Arabian Peninsula

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The Arabian Peninsula

The Arabian Peninsula is a peninsula in Southwest Asia at the junction of Africa and Asia consisting mainly of desert. The area is an important part of the Middle East and plays a critically important geopolitical role because of its vast reserves of oil and natural gas.

The coasts of the peninsula land, on the west, the Red Sea and Gulf of Aqaba; on the southeast, the Arabian Sea (part of the Indian Ocean); and on the northeast, the Gulf of Oman, the Strait of Hormuz, and the Persian Gulf.

Its northern limit is defined by the Zagros collision zone, a mountainous uplift where a continental collision between the Arabian Plate and Asia is occurring. Geographically, it merges with the Syrian Desert with no clear line of demarcation.

Geographically, the Arabian Peninsula includes parts of Iraq and Jordan. Politically, however, the peninsula is separated from the rest of Asia by the northern borders of Kuwait and Saudi Arabia. The following countries are politically considered part of the peninsula:

With the exception of Yemen, these countries (called the Arab Gulf states) are among the wealthiest in the world.

Modern history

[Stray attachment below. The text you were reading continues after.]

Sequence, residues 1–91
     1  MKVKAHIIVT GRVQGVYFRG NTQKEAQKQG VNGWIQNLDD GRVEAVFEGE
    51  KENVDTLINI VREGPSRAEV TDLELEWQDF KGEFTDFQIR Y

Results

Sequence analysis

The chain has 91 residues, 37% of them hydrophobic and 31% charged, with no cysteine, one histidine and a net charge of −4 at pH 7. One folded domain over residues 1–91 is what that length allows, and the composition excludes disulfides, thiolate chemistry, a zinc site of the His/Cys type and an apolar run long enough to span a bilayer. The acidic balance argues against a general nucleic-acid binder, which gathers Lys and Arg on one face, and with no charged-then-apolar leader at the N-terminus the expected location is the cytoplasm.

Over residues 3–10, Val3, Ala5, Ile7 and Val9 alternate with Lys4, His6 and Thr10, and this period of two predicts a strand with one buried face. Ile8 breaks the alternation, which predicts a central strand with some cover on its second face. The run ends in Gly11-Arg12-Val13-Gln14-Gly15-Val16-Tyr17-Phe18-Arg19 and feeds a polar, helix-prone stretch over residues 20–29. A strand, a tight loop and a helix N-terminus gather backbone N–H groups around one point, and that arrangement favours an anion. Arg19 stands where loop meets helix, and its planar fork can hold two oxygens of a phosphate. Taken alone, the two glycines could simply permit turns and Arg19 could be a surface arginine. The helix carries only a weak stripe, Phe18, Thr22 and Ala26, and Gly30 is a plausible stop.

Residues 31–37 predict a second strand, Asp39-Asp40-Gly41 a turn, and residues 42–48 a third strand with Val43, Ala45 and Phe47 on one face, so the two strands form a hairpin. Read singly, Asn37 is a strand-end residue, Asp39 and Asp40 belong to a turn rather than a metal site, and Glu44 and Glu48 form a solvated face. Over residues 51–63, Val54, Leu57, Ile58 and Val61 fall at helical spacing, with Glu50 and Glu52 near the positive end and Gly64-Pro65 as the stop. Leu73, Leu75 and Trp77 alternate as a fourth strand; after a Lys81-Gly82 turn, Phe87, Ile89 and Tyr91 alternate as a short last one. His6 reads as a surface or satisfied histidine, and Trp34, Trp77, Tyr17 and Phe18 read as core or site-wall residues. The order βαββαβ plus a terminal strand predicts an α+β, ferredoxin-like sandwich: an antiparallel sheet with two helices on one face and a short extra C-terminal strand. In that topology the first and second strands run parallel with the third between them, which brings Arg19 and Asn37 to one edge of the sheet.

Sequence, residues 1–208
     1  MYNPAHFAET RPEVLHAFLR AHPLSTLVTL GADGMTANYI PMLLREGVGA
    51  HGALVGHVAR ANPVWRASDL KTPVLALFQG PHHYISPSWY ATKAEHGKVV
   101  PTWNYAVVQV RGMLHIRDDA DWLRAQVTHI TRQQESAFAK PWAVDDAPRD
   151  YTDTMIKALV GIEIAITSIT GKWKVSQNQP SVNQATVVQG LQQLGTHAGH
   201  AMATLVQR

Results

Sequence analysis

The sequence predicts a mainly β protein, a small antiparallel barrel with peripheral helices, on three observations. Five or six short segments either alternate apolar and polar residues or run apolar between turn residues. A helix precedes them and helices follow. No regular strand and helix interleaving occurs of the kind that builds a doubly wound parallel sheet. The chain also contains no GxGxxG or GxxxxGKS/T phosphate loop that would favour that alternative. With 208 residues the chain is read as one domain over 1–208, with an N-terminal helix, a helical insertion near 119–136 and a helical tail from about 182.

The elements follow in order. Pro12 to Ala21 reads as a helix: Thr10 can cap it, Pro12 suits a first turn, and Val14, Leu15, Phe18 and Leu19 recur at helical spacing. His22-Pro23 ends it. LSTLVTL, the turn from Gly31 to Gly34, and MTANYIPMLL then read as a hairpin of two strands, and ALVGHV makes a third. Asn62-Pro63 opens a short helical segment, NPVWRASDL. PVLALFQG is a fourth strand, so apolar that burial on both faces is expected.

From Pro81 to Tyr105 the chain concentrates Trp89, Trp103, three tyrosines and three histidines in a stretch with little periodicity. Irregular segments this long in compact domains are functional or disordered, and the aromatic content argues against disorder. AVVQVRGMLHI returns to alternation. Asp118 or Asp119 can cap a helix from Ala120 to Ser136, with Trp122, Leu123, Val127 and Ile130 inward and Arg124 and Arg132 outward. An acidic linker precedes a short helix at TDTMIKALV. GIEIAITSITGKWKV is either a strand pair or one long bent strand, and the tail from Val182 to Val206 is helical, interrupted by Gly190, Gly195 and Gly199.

The Kingdom of Saudi Arabia covers the greater part of the peninsula. The majority of the population of the peninsula lives in Saudi Arabia and in Yemen. The peninsula contains the world's largest reserves of oil. It is home to the Islamic holy cities of Mecca and Medina, both of which are in Saudi Arabia. The UAE and Saudi Arabia are economically the wealthiest in the region. Qatar, a small peninsula in the Persian Gulf on the larger peninsula, is home of the famous Arabic-language television station Al Jazeera and its English-language subsidiary Al Jazeera English. Kuwait, on the border with Iraq, was claimed as an Iraqi province and invaded by Saddam Hussein during the first Gulf War; it is an important country strategically, forming one of the main staging grounds for coalition forces mounting the invasion of Iraq in 2003.

The peninsula is one of the possible original homelands of the Proto-Semitic language ancestors of all the Semitic-speaking peoples in the region — the Akkadians, Arabs, Assyrians, Hebrews, etc. Linguistically, the peninsula was the cradle of the Arabic language (spread beyond the peninsula with the Islamic religion during the expansion of Islam beginning in the 7th century AD) and still maintains tiny populations of speakers of Southern East Semitic languages such as Mehri and Shehri, remnants of the language family that was spoken in earlier historical periods to the East of the kingdoms of Sheba and Hadramout which flourished in the southern part of the peninsula (modern-day Yemen and Oman).

Landscape

Geologically, this region is perhaps more appropriately called the Arabian subcontinent because it lies on a tectonic plate of its own, the Arabian Plate, which has been moving incrementally away from northeast Africa (forming the Red Sea) and north into the Eurasian plate (forming the Zagros mountains). The rocks exposed vary systematically across Arabia, with the oldest rocks exposed in the Arabian-Nubian Shield near the Red Sea, overlain by earlier sediments that become younger towards the Persian Gulf. Perhaps the best-preserved ophiolite on Earth, Semail ophiolite, lies exposed in the mountains of the UAE and northern Oman.